The story takes you through a race among the animals during ancient, Chinese mythological times. The winners of the race made it onto the Chinese (zodiac) calendar. Only twelve spots were open. It’s a fun story to engage the kids.

Before reading the book, I went through the list of the twelve Chinese zodiac animals in order:

  • Rat
  • Ox / Cow
  • Tiger
  • Dragon
  • Rabbit
  • Snake
  • Horse
  • Goat
  • Monkey
  • Rooster
  • Dog
  • Pig

While I read the book, the children remembered the animals and had fun guessing which animal would cross the finish line next in the race to be on the Chinese calendar.

If you would like to learn more about the book or purchase it, please click on this Amazon link. As an Amazon Associate I will receive a small percentage of the book sale…Xìe xìe! 谢谢 Thanks!


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Say ‘Happy Birthday! (in Mandarin Chinese with audio clip)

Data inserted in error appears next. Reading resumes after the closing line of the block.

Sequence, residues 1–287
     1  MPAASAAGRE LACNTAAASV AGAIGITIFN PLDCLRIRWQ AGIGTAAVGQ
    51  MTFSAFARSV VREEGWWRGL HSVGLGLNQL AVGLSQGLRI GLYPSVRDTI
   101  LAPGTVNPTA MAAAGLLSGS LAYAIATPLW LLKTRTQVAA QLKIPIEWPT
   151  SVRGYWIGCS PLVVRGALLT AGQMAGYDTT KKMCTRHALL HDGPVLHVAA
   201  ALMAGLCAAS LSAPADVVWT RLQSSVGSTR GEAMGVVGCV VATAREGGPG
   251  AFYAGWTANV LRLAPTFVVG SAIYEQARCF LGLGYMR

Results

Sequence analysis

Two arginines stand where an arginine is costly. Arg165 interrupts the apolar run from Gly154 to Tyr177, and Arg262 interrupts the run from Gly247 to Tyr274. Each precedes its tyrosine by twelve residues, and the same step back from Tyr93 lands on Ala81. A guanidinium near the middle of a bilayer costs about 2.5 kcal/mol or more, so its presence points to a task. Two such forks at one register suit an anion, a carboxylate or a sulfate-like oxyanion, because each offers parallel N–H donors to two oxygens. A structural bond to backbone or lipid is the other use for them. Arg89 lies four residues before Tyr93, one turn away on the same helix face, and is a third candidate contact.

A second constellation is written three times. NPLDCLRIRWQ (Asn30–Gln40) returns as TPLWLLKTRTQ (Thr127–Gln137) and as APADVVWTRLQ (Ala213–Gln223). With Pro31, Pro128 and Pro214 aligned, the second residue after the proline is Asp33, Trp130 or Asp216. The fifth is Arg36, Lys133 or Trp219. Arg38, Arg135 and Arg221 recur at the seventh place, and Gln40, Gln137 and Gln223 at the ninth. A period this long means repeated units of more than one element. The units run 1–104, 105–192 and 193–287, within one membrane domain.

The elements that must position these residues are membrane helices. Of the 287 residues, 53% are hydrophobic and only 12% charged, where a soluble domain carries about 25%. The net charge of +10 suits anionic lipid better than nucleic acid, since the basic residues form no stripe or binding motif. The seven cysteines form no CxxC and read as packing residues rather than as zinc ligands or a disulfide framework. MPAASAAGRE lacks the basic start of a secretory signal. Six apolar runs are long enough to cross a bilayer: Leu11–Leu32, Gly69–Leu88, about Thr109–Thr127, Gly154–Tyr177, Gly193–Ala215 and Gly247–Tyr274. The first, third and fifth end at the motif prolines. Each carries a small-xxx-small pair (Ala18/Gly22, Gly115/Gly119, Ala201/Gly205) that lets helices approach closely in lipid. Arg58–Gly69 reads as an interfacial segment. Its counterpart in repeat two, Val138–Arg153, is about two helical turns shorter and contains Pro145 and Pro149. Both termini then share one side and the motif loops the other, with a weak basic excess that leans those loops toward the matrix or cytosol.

Happy Birthday! Here’s how we say Happy Birthday in Mandarin Chinese:

Happy Birthday!

生日快乐!Shēng rì Kùai lè! (‘Sheng’ is ‘shung’ with a high, sustained tone; ‘ri’ is ‘ruh’ with a descending tone;’kuai’ is ‘k-why’ with a declining tone, le is ‘l+uh’ with a declining tone). Click here for audio pronunciation.

This month my oldest daughter turns 8 years old. She insists we have a Chinese-themed birthday party. I am excited that she is wanting to integrate her Mandarin learning into her birthday celebration.

I hope to blog about the party planning soon. I have some fun and educational ideas for the party. Stay tuned!

Posted in Greetings | 2 Comments